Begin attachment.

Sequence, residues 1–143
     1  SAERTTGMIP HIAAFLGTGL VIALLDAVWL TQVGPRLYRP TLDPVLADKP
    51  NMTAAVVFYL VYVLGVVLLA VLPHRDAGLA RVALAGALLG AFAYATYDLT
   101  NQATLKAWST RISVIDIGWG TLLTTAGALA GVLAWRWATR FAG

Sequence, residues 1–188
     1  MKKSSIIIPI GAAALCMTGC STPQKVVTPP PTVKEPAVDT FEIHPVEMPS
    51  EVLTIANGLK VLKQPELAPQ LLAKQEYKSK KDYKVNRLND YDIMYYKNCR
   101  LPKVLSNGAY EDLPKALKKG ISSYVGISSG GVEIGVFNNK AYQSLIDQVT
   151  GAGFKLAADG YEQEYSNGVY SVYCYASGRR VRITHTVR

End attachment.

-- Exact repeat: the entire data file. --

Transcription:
Sequence, residues 1–143
     1  SAERTTGMIP HIAAFLGTGL VIALLDAVWL TQVGPRLYRP TLDPVLADKP
    51  NMTAAVVFYL VYVLGVVLLA VLPHRDAGLA RVALAGALLG AFAYATYDLT
   101  NQATLKAWST RISVIDIGWG TLLTTAGALA GVLAWRWATR FAG

Sequence, residues 1–188
     1  MKKSSIIIPI GAAALCMTGC STPQKVVTPP PTVKEPAVDT FEIHPVEMPS
    51  EVLTIANGLK VLKQPELAPQ LLAKQEYKSK KDYKVNRLND YDIMYYKNCR
   101  LPKVLSNGAY EDLPKALKKG ISSYVGISSG GVEIGVFNNK AYQSLIDQVT
   151  GAGFKLAADG YEQEYSNGVY SVYCYASGRR VRITHTVR